• Others start where the narrators of stories that take place these days on the world market unerringly end. They share the diagnosis of economic internationalization causing nation-states a heap of trouble. Given that the successes of big and small business alike are after all based on profitable exports and imports, as well as on worldwide investments, these thinkers are just as convinced that "globalization" isn’t something that "can be halted or even turned back just like that." Since they also recognize that these successes are a matter of great importance for nation-states, they count on politicians following their advice to use their power to satisfy the requirements of "globalization." So there’s a second type of globalization literature appearing, one that takes into account all the responses to this striking phenomenon, forecasts and problematizes the inescapable consequences for "society" and pleads for adjustments, adaptation, rethinking, stuff like that.

    Sociologists and social philosophers expect businessmen to get their companies fit for "globalized markets;" they expect politicians to attend to their mandate to govern the country qua business location in such a manner that it withstands the pressure of globalization. All the measures taken in this regard, while reported in the newspapers, are touched on but little in the commentaries of authentic social thinkers. They are more interested in the changes "society" must go through, "society" by definition being for them nothing but a more or less stable social life of people who behave and relate to each other in accordance with norms and values that they have internalized. For this branch of science, "globalization" has many an effect in store that will be decisive for the "future" and "stability" of "society." That means readjustment for the world, many a value lost, new behavior demanded, and relationships governed by modern means of communication. Deep reflection is called for: what shall we do about the strange, global values descending upon us, possibly contrary to the local or regional traditions that we feel at home in and that convey a feeling of familiarity? Is there a home in the digital world of work for our acquired professions, or will we be forced to rush hither and thither with our computers after jobs whose requirements change from day to day? And what will we do with all our mobility and our CD-ROM-knowledge if — as is predicted — globalization isn’t able to provide us all with jobs? Are we then going to employ ourselves or merely occupy ourselves? While, for example, in deciding whether to buy Chinese gym shoes or good-old, locally made slippers, we are struck by the enormity of "global communication and information systems not failing to influence the various national and regional cultures, now and then altering them right down to our daily habits?"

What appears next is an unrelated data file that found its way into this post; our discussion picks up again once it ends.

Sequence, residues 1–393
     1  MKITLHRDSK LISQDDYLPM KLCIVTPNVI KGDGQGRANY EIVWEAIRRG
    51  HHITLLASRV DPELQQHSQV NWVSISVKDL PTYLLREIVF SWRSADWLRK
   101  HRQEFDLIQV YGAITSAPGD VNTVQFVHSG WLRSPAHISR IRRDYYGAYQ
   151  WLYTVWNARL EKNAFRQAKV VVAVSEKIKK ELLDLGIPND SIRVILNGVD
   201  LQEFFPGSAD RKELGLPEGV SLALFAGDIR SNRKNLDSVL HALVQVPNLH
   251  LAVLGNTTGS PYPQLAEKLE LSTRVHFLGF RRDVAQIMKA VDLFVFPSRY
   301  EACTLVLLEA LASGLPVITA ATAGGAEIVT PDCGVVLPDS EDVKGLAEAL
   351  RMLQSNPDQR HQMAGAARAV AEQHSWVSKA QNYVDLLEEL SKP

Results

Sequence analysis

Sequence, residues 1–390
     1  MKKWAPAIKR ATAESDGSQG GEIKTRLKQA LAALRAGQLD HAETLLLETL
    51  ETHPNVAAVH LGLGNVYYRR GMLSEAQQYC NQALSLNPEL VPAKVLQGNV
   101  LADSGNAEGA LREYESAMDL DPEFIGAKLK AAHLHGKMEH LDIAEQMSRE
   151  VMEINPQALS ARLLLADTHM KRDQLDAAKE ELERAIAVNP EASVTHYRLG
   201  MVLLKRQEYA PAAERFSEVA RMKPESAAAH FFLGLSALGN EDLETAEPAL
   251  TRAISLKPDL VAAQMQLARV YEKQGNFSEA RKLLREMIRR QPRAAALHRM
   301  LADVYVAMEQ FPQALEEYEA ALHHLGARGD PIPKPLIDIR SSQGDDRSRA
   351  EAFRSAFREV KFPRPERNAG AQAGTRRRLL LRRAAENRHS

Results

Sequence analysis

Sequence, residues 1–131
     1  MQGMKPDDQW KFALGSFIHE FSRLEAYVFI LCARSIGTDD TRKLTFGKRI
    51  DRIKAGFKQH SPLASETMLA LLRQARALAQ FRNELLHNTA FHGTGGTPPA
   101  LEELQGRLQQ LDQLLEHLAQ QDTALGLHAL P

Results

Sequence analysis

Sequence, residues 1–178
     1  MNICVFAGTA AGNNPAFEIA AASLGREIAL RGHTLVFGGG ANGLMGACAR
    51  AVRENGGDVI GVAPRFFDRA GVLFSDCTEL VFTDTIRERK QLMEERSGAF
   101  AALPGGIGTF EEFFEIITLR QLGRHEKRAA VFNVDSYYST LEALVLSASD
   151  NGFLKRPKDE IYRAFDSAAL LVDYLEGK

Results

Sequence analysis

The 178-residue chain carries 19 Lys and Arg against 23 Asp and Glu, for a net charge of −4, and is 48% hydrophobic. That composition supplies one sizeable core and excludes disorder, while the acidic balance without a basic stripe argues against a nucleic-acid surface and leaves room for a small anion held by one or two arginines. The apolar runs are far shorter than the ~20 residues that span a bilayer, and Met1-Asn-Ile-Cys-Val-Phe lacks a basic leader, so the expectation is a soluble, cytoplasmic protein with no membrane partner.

*